On Thursday, both the U.S. and El Salvador had a couple decent scoring chances they’ll probably look back on and lament, but overall it was a game that lacked precision, flow and standout performances. Neither team was able to dictate terms or generate much of a consistent attack. It was an evening of turnovers, chaotic transitions and half-chances.

“It turned into too hectic of a game,” Berhalter acknowledged.

And so the Cuscatlán was the star of the show, and after its predecessor failed to win a single road game in the final round of 2018 World Cup qualifying, this current U.S. squad will take something away (beside the point) from an evening that tested it in new ways.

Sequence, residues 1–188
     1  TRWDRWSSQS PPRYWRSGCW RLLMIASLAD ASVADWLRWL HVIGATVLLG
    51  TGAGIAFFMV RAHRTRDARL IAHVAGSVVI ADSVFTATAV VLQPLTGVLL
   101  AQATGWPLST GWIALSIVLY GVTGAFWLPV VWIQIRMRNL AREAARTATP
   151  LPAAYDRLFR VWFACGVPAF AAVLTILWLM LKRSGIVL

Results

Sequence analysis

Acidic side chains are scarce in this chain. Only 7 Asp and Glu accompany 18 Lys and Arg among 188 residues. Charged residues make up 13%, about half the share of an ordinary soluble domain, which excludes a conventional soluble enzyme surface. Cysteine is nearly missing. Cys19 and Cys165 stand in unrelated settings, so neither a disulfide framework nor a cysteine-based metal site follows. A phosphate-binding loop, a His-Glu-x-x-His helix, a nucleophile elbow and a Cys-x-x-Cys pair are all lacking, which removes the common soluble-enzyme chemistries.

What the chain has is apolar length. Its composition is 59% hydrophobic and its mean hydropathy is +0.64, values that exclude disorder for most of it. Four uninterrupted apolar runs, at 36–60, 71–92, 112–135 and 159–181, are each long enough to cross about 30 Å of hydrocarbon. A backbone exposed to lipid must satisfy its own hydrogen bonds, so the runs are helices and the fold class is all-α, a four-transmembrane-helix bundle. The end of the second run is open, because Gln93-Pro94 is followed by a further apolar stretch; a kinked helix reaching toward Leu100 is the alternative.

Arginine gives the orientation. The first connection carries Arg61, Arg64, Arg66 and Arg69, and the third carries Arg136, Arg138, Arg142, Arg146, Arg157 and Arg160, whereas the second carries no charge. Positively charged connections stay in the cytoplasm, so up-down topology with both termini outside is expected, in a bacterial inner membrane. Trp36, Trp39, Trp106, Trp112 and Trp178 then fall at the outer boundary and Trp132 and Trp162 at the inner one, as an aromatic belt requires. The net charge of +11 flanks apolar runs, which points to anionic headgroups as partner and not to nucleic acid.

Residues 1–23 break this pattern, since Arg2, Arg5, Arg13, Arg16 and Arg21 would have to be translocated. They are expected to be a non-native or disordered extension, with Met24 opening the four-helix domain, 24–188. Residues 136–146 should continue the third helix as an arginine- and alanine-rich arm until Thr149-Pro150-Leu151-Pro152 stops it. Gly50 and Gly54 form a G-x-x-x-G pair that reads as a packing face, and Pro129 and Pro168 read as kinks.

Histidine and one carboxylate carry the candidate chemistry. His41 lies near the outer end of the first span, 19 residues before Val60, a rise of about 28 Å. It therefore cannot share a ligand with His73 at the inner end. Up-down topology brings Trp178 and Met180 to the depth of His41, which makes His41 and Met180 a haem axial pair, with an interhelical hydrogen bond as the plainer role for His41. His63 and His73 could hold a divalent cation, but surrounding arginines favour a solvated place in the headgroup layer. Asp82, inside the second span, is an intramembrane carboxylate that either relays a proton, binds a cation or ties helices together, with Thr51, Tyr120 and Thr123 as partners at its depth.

Tyler Adams and the USMNT draw El Salvador in World Cup qualifying

“I’m not too dissatisfied to be honest,” captain Tyler Adams said. “We knew coming into this it was going to be a learning process for a lot of us. It’s going to be our first experience getting this Concacaf feel. Yeah we’ve had Nations League. Yeah we’ve had the Gold Cup. But that wasn’t with traveling here after playing on a Saturday or Sunday, a quick turnaround, and having to fly down to El Salvador and battle it out and grind it out.

"From an overall team performance, there’s a few positives we can take away from it,” Adams continued. “Of course we want to be better in the final third, a little more combination play, a little more ruthless in front of the goal. But in the end of the day, we got a clean sheet away in our first start. We’ll take that.”